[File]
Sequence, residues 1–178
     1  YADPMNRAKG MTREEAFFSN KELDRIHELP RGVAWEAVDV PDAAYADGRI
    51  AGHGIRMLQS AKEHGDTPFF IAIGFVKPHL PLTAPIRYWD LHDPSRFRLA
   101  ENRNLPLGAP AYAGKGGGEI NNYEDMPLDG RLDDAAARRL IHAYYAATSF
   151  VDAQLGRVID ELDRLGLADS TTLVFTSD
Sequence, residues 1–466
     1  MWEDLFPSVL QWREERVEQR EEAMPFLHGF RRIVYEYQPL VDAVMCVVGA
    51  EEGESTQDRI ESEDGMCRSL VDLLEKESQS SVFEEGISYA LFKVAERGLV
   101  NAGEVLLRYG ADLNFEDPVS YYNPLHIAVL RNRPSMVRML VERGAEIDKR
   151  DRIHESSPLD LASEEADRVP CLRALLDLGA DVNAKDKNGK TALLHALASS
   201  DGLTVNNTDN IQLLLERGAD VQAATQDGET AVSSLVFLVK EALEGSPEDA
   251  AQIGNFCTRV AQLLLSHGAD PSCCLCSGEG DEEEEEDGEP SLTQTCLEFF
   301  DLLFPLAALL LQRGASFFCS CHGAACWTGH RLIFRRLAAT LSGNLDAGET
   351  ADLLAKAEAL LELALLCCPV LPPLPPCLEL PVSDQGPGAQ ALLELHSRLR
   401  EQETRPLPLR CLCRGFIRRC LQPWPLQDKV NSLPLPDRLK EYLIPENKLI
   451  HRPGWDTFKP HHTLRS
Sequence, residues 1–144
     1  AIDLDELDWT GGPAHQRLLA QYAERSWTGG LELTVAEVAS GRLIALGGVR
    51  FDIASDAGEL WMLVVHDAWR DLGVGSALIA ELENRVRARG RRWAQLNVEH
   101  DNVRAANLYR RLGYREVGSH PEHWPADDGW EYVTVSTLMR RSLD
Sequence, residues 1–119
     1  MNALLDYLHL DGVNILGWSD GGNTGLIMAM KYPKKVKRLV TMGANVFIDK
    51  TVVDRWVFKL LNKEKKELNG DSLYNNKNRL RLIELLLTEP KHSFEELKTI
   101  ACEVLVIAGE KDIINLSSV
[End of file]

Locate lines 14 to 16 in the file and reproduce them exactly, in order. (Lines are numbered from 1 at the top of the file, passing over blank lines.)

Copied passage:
   351  ADLLAKAEAL LELALLCCPV LPPLPPCLEL PVSDQGPGAQ ALLELHSRLR
   401  EQETRPLPLR CLCRGFIRRC LQPWPLQDKV NSLPLPDRLK EYLIPENKLI
   451  HRPGWDTFKP HHTLRS